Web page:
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Raising Legal Age of Marriage for Women

  • 17 Dec 2021
  • 6 min read

For Prelims: Raising Legal Age of Marriage for Women, Child Marriage, Jaya Jaitly task Force, Women’s Empowerment And Gender Parity.

For Mains: It discusses the pros and cons of the Union Cabinet clearing a proposal to bring uniformity in the marriageable age of men and women.

Why in News

Recently, the Union Cabinet cleared a proposal to bring uniformity in the marriageable age of men and women.

  • By amending the Prohibition of Child Marriage Act (PCMA), 2006 and other personal law, the legal age of marriage of women will be raised rom 18 to 21 years.
  • The decision is based on the recommendation of a four-member task force led by former Samata Party chief Jaya Jaitly.


  • The task force was set up to re-examine the age of marriage and its correlation to health and social indices such as infant mortality, maternal mortality, and nutrition levels among mothers and children.

Key Points

  • About Legal Framework of Minimum Age for Marriage:
    • Background:
      • In India, the minimum age of marriage was prescribed for the first time by the law known as the Sarda Act, 1929. It was later renamed as the Child Marriage Restraint Act (CMRA), 1929.
      • In 1978, the law was amended to raise the minimum age of marriage to 18 years for girls and 21 years for boys.
      • This position remains the same even in the new law called the Prohibition of Child Marriages Act (PCMA), 2006, which replaced the CMRA ,1929.
    • Marriage Minimum Age For Different Religion:
      • For Hindus, The Hindu Marriage Act, 1955 sets 18 years as the minimum age for the bride and 21 years as the minimum age for the groom.
      • In Islam, the marriage of a minor who has attained puberty is considered valid.
      • The Special Marriage Act, 1954 and the Prohibition of Child Marriage Act, 2006 also prescribe 18 and 21 years as the minimum age of consent for marriage for women and men, respectively.
      • For the new age of marriage to be implemented, these laws are expected to be amended.
  • Pros of Raising Minimum Age for Marriage For Women:
    • Women and Child Welfare: The poverty of the mother plays the greatest role of all by far — both in relation to her undernourishment and that of her child.
      • An early age of marriage, and consequent early pregnancies, also have impacts on nutritional levels of mothers and their children, and their overall health and mental wellbeing.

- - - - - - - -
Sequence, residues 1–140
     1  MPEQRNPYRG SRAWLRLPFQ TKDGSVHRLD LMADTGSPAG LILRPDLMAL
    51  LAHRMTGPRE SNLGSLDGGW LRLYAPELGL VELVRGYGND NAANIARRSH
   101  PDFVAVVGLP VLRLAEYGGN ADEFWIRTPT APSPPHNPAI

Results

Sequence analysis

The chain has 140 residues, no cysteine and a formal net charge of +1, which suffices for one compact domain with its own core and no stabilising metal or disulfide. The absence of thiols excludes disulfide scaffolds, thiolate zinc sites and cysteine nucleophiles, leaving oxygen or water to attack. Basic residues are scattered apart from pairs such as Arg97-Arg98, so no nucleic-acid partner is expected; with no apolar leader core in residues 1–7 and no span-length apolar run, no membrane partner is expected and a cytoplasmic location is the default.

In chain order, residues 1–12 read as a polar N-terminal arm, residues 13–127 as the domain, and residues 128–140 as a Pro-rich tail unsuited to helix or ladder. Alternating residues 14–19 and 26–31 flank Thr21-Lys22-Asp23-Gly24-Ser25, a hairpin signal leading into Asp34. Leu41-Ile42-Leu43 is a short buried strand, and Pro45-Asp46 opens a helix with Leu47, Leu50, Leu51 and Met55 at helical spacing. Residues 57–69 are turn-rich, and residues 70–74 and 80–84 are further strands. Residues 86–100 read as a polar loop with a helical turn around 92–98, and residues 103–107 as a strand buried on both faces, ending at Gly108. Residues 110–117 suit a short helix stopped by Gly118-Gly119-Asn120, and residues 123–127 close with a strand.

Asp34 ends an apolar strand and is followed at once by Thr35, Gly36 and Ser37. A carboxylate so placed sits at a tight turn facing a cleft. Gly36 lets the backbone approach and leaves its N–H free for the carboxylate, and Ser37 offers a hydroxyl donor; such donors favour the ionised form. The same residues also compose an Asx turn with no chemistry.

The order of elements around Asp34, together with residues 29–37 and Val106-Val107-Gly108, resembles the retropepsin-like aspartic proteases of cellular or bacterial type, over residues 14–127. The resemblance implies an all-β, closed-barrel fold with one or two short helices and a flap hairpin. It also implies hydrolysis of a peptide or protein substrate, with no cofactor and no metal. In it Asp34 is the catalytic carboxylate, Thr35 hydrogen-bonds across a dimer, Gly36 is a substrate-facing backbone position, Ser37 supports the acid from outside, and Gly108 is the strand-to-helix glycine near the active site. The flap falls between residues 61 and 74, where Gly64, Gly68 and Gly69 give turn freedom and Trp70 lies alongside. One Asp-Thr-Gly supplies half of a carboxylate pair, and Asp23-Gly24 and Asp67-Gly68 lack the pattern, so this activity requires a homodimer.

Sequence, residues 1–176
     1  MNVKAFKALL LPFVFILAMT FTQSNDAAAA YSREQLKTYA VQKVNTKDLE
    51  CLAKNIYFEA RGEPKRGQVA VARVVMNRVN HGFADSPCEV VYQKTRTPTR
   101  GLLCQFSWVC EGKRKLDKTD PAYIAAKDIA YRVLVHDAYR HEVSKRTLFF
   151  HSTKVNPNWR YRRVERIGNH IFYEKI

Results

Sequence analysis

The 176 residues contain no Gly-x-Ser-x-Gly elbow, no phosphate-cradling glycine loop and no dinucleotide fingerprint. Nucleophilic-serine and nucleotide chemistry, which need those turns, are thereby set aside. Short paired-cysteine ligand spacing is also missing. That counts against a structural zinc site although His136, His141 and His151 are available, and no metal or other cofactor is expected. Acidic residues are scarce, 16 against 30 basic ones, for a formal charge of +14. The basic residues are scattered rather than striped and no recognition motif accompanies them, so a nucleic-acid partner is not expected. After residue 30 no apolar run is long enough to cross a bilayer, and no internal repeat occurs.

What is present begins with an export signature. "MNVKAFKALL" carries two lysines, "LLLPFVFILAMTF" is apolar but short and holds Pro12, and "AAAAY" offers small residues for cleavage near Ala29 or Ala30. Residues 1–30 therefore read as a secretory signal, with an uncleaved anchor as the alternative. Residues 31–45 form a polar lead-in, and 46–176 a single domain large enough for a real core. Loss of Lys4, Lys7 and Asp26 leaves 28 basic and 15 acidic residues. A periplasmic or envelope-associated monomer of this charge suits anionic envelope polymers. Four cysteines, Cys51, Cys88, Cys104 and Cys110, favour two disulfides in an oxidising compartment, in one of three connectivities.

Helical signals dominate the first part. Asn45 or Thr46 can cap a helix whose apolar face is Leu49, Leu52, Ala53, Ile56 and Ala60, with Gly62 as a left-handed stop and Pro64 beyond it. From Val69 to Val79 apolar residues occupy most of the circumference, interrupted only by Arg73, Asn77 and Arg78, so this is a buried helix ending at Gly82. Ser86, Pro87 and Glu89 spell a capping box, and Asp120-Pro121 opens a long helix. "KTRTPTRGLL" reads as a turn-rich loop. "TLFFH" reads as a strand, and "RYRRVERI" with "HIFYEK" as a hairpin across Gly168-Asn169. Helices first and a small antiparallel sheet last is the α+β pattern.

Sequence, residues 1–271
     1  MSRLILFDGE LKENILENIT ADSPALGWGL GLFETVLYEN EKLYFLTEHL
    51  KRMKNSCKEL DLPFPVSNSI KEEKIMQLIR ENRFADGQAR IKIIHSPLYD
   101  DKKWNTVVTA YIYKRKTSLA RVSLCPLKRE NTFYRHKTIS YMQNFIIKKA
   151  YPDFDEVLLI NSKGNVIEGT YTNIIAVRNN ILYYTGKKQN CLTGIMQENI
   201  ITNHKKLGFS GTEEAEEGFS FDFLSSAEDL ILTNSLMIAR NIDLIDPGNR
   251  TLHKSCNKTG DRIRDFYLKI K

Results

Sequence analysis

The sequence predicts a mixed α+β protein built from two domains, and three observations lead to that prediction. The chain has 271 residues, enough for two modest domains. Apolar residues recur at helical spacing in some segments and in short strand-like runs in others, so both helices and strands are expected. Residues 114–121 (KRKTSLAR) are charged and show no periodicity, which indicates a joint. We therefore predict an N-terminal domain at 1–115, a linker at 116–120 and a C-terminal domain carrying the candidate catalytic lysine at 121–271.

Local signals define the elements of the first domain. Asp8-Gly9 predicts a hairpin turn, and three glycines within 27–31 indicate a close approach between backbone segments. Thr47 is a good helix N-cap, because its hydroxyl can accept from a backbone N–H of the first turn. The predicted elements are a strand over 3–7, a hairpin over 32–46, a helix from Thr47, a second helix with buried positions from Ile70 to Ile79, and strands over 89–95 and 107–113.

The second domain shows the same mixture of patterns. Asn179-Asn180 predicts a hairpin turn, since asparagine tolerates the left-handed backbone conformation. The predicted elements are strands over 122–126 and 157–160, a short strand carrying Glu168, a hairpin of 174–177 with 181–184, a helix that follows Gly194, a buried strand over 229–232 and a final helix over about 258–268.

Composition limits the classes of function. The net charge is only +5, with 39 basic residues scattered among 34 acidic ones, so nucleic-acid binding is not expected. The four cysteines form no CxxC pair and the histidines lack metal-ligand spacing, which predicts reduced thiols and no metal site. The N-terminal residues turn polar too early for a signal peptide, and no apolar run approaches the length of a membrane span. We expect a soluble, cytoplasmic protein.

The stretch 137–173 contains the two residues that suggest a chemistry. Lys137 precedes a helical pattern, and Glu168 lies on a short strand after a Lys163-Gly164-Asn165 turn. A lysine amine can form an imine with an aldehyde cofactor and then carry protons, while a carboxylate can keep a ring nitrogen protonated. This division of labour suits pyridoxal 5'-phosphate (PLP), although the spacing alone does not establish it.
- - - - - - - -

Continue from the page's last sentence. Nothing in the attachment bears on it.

• Women’s Empowerment And Gender Parity: The mother’s age at childbearing affects educational level, living conditions, health conditions, decision-making power of women.
    • Tackling Child Marriage: India is home to the largest number of underage marriages in the world. The law will help to curb the menace of Child Marriage.
  • Cons of raising Minimum Age for Marriage For Women
    • Difficulty in Fighting Child Marriage: The implementation of the child marriage law is difficult.
      • The evidence suggests that when the law is used, it is mostly to penalise young adults for self-arranged marriages.
      • The law to prevent child marriage does not work very well.
      • While child marriage has declined, it has been marginal: from 27% in 2015-16 to 23% in 2019-20, according to National Family Health Survey (NFHS) 5.
      • 70% of early marriages take place in deprived communities such as Scheduled Castes and Scheduled Tribes, and the law will simply push these marriages underground instead of preventing them.
    • Criminalisation of a Large Number of Marriages: The change will leave the vast majority of Indian women who marry before they are 21 without the legal protections that the institution of marriage otherwise provides, and make their families criminalisable.
    • Lack of Education is a Bigger Problem: According to the State of the World Report 2020 by UNFPA, in India, 51% of young women with no education and 47% of those with only a primary education had married by age 18.
      • Further, a study by the International Centre for Research on Women has found that girls out of school are 3.4 times more likely to be married or have their marriage already fixed than girls who are still in school.

Way Forward

  • Boosting Education: Activists say the answer to delaying child marriages lies in ensuring access to education since the practice is a social and economic issue.
    • Skill & business training and sex education in schools, will also help.
  • Increasing Accessibility to Schools: The government needs to look into increasing access to schools and colleges for girls, including their transportation to these institutes from far-flung areas.
  • Mass Awareness Program: An awareness campaign is required on a massive scale on the increase in age of marriage, and to encourage social acceptance of the new legislation, which they have said would be far more effective than coercive measures.

Source: IE

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